The BBC’s biggest salaries have been published in the BBC Annual Report, revealing pay disparity between men, women, and ethnic minorities at the very top.
The highest seven salaries were all paid out to white men. Not a single woman earned more than £500,000 in 2016/17, whilst no black, Asian, and minority ethnic (BAME) stars made the top 15.
Chris Evans topped the list. The "Top Gear" and the BBC Radio 2 Breakfast Show presenter made between £2.2m and £2.25m in 2016/2017, more than quadruple that of Claudia Winkleman, the highest-paid female star.
From 96 names on the list, just a third are female, whilst only 10 are from BAME backgrounds. The highest paid BAME female was news presenter Mishal Husain, who received between £200,000 and £250,000.
*silently whispers into the void* remember that pay discrepancy between different ethnicities is also a huge problem— Siraj Datoo (@dats) July 19, 2017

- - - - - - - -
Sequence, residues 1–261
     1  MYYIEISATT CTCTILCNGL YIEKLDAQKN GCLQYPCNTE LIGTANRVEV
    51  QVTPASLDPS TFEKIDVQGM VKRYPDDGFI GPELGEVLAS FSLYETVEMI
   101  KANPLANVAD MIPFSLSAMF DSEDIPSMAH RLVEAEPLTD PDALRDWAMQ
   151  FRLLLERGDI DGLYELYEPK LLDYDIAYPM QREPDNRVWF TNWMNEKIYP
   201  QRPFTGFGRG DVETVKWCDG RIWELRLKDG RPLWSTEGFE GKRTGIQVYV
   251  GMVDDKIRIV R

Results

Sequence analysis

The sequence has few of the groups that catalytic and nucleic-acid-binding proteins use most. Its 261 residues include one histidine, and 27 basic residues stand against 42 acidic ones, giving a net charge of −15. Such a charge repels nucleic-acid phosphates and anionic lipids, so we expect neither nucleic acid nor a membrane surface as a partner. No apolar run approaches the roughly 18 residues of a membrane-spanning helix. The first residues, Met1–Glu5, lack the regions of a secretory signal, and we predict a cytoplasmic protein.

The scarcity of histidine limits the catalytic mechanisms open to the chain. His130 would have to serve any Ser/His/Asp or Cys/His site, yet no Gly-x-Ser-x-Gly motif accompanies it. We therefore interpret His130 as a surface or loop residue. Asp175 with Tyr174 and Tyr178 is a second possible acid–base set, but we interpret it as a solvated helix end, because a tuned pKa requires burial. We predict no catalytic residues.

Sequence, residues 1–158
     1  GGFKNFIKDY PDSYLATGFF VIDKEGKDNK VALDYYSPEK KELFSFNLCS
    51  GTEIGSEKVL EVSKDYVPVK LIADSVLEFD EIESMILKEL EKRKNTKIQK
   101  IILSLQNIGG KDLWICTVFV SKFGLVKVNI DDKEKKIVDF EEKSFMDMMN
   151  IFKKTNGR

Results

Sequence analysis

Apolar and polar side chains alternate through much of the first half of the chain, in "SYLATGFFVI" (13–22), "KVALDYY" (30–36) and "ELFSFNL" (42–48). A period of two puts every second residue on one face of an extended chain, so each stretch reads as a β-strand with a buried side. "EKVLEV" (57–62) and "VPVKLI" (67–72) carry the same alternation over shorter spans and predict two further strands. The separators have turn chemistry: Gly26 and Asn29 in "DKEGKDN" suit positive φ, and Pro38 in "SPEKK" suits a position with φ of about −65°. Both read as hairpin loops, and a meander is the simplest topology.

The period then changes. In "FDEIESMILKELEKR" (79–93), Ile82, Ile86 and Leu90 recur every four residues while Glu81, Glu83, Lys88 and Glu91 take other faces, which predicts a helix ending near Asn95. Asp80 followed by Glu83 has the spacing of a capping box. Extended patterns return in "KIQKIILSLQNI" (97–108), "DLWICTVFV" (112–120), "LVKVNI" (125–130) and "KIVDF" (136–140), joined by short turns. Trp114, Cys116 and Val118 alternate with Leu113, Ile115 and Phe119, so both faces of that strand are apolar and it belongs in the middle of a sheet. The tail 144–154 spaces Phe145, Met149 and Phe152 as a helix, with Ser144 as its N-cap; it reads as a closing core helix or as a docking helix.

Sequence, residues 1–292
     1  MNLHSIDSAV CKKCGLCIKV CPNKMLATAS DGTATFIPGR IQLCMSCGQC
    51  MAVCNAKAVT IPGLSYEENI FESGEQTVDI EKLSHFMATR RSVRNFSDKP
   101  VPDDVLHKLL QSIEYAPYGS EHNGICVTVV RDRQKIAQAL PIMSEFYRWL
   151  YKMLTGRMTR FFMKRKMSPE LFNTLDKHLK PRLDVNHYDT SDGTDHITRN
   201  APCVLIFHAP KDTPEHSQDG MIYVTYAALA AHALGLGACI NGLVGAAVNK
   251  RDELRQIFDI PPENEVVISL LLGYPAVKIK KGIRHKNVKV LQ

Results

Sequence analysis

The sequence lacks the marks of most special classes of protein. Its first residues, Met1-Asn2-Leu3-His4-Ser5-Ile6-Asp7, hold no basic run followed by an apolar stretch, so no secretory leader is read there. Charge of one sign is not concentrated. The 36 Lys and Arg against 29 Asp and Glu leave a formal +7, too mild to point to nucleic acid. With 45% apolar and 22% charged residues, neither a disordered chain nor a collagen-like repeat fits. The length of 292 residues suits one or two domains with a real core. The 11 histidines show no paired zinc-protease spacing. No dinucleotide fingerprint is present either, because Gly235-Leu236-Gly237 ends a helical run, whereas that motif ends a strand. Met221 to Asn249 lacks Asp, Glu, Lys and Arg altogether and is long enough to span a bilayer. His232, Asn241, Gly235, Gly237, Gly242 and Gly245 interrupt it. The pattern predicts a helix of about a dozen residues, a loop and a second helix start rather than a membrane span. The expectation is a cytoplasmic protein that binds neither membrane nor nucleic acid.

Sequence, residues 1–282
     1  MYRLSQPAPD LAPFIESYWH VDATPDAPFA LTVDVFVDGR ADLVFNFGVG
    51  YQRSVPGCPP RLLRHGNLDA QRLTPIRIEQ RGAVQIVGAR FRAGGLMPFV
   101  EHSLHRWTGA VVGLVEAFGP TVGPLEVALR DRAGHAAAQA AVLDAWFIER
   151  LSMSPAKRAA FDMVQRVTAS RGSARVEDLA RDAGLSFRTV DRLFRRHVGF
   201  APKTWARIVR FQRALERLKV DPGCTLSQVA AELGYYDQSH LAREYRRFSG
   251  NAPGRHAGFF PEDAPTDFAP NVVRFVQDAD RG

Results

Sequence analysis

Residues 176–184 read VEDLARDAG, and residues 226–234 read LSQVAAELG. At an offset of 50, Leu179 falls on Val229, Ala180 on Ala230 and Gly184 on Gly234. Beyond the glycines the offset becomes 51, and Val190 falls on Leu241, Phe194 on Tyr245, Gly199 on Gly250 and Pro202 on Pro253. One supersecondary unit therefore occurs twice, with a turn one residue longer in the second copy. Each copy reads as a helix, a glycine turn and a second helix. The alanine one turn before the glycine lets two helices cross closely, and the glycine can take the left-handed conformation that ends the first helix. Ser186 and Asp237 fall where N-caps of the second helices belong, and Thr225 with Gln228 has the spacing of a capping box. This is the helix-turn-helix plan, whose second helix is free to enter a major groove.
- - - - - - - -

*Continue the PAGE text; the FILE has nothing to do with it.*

The report included everybody paid over £150,000 directly by the publically paid licence fee, and is the first time it’s been published under new Royal Charter rules. It does not include earnings through production companies that hosted shows like the "Great British Bake Off," or stars paid through BBC Worldwide, its commercial arm, like "Top Gear" presenter Matt LeBlanc.
"On gender and diversity, the BBC is more diverse than the broadcasting industry and the Civil Service," said Tony Hall, BBC Director general. "We've made progress, but we recognise there is more to do and we are pushing further and faster than any other broadcaster."
According to Hall, nearly a fifth of promotions and new hires in lead roles have come from BAME backgrounds in the last three years, whilst almost two-thirds have been female. The BBC aims for top positions to be equally split between men and women by 2020.
Many were quick to defend the BBC for the value it provides to the taxpayer, given its quality and diversity of programming.
Others pointed out that its pursuit of neutrality goes as far as criticising itself — a rarity amongst British broadcasters.
From film stars to newsreaders, economic inequality is often most visible at the top. But it's just as important to investigate what happens at the bottom. In the UK, the gender pay gap stands at 18.1%, and research suggests that it will not close until 2069 at its present rate of decline. For millenial women, the gap is closing faster. But it's still not quick enough.